Cant seem to pass recursion test cant get second call to equal 2 can anyone help ?

Your code so far

function sum(arr, n) {
// Only change code below this line
if (n<=1){
return 0;
} else{
return sum (arr, n - 1) + arr[n];
}
// Only change code above this line
}
console.log(sum([2, 3, 4, 5], 3))

Your browser information:

User Agent is: Mozilla/5.0 (Windows NT 6.3; WOW64) AppleWebKit/537.36 (KHTML, like Gecko) Chrome/63.0.3233.0 Safari/537.36.

it’s a small issue, but important: the variable n indicates how many numbers you need to sum, not the index, so if you need to sum the first 3 (n) numbers you need to sum up to index 2 (n-1)
Instead you are summing also the element at index n, but are never summing the element at index 0 or 1 (your base case use different logic than the rest)

look at the provided example with the multiplication:

function multiply(arr, n) {
if (n <= 0) {
return 1;
} else {
return multiply(arr, n - 1) * arr[n - 1];
}
}

Now let’s imagine we call this function with multiply([2,3,4], 2). So it should give us 6, because the “user story” said: multiply the first n elements of the array and return the product.

When you put that into the function above, the execution happens as follows:

function multiply([2,3,4], 2) {
// n is not 0, it is 2. so we continue to the else block.
if (n <= 0) {
return 1;
} else {
return multiply([2,3,4], 2 - 1 ) // <-- new (recursive) call of the function!! second argument of the call is 2-1 = 1 now.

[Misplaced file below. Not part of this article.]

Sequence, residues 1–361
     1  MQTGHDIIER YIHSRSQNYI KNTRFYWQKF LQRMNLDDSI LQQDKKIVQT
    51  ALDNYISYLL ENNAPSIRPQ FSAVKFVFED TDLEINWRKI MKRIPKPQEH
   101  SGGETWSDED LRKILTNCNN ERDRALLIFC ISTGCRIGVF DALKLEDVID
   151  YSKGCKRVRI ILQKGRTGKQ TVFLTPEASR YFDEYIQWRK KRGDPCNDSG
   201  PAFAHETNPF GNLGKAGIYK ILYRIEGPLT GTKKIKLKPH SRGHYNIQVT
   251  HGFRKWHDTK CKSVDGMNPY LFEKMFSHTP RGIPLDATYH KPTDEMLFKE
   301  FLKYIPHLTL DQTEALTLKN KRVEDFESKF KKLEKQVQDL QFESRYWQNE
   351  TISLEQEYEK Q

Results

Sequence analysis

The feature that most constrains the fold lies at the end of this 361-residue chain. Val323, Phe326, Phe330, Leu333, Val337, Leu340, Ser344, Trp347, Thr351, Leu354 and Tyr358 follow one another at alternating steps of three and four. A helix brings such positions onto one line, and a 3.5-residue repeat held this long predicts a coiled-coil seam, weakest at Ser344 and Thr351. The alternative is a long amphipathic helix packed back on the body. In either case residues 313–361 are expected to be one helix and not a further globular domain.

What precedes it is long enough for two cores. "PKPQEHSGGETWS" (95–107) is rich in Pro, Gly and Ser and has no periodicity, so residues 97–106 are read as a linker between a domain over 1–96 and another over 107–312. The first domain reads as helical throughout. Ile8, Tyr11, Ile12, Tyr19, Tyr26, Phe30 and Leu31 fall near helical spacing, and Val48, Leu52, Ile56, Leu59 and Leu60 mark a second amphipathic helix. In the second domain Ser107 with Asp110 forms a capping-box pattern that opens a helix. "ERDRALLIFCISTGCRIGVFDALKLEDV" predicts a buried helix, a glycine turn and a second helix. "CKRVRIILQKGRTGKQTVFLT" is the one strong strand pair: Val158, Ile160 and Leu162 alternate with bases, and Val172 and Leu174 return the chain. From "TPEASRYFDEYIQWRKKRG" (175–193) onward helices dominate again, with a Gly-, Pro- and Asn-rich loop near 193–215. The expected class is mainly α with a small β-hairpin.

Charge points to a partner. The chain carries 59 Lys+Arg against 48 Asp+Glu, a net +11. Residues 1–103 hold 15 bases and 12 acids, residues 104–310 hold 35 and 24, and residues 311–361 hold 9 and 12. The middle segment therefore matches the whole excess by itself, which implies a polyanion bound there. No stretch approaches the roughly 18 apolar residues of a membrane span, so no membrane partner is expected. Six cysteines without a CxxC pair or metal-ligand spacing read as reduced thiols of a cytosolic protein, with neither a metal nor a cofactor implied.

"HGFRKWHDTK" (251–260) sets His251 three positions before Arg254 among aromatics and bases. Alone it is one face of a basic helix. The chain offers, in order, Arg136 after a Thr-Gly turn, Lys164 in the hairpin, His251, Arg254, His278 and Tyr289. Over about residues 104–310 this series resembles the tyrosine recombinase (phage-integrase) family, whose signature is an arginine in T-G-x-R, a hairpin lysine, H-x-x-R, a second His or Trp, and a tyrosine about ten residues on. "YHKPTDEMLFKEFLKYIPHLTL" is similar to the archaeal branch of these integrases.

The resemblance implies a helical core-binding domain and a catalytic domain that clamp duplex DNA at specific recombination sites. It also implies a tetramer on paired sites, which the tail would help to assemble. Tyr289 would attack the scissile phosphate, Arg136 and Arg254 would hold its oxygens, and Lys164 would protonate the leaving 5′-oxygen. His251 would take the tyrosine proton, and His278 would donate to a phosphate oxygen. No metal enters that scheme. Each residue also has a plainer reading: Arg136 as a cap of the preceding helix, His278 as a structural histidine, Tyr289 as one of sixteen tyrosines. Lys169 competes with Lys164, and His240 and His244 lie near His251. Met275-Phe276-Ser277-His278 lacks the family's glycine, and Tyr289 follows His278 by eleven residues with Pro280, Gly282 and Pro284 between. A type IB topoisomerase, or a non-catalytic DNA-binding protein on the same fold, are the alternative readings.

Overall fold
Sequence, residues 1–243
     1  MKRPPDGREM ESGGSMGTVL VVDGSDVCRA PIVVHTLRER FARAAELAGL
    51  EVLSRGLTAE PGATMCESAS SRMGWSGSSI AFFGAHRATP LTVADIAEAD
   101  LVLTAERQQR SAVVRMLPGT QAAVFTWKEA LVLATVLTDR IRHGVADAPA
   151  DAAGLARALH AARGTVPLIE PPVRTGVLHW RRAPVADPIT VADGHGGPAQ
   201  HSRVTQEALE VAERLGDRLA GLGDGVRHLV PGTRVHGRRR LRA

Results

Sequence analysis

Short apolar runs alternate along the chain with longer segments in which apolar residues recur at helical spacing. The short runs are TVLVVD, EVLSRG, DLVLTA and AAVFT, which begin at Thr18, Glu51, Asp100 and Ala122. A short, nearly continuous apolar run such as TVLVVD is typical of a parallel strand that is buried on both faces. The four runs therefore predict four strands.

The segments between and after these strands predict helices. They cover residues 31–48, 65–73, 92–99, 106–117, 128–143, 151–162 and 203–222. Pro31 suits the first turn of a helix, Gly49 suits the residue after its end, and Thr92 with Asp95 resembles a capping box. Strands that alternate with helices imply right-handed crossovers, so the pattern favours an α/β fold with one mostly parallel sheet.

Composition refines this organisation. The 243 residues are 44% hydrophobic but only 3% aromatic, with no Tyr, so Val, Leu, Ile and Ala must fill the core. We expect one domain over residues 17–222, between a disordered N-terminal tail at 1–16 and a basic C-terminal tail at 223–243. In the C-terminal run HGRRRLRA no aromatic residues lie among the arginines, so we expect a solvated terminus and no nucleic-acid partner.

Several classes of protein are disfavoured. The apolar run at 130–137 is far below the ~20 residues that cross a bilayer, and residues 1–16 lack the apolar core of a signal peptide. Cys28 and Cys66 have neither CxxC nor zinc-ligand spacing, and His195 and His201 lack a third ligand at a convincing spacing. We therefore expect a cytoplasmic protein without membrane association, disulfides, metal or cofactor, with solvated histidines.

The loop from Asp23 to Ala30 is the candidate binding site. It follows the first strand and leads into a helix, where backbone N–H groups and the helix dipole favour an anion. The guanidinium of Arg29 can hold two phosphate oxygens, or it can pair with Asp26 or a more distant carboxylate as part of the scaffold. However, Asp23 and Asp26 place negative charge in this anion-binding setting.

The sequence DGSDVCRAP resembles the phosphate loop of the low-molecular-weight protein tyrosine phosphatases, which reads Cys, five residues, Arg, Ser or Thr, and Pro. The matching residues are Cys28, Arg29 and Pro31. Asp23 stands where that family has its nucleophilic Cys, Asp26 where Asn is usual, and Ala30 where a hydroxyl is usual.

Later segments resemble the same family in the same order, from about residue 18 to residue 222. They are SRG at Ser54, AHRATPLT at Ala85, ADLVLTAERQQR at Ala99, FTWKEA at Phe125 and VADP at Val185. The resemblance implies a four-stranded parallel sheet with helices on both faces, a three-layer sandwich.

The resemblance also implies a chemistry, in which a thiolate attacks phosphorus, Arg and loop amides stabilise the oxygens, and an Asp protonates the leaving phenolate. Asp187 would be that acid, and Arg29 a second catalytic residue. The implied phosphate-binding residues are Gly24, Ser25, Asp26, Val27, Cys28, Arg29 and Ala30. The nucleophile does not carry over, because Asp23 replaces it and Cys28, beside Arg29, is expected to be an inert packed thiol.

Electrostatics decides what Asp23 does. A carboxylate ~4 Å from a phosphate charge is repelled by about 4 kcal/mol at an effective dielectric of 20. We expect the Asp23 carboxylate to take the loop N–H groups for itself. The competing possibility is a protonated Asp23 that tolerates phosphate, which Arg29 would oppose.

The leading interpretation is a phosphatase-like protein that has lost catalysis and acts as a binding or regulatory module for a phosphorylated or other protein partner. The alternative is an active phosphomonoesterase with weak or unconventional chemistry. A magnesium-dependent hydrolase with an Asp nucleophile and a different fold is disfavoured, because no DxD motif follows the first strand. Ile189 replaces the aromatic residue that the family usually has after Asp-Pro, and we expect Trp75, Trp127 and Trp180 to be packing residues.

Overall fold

// Second time the function runs.
{
// n is still not 0, it is currently 1, so we go to the else
if (n <= 0) {
return 1;
} else {
return multiply([2,3,4], 1 - 1) // <- third time the function is called.
//this third time n = 0, so the function does not go to else, but returns only 1
// effectively this is like "multiply by 1"
{
if (n <= 0) {
return 1;
} else {
return multiply(arr, n - 1) * arr[n - 1];
}
}
// Multiplying from the second call where n = 1
// so this is arr[2-1] = arr[1] = 3
// effectively it says "multiply by 3"
// take the above third call of the function (which closes, because n=0),
// we now have 1 * 3
* arr[n - 1];
}
}
// Multiplying from the very first call where n was 2 (you remember?)
// so this is arr[2-2] = arr[0] = 2
// effectively this section evaluates as "multiply by 2"
// connect it to the first + second close of the call, we now have
// 1 * 3 * 2 = 6
* arr[n - 1];
}
}

Now think the same way for addition. I found it helpful to actually take a piece of paper and write down the different function calls and returns.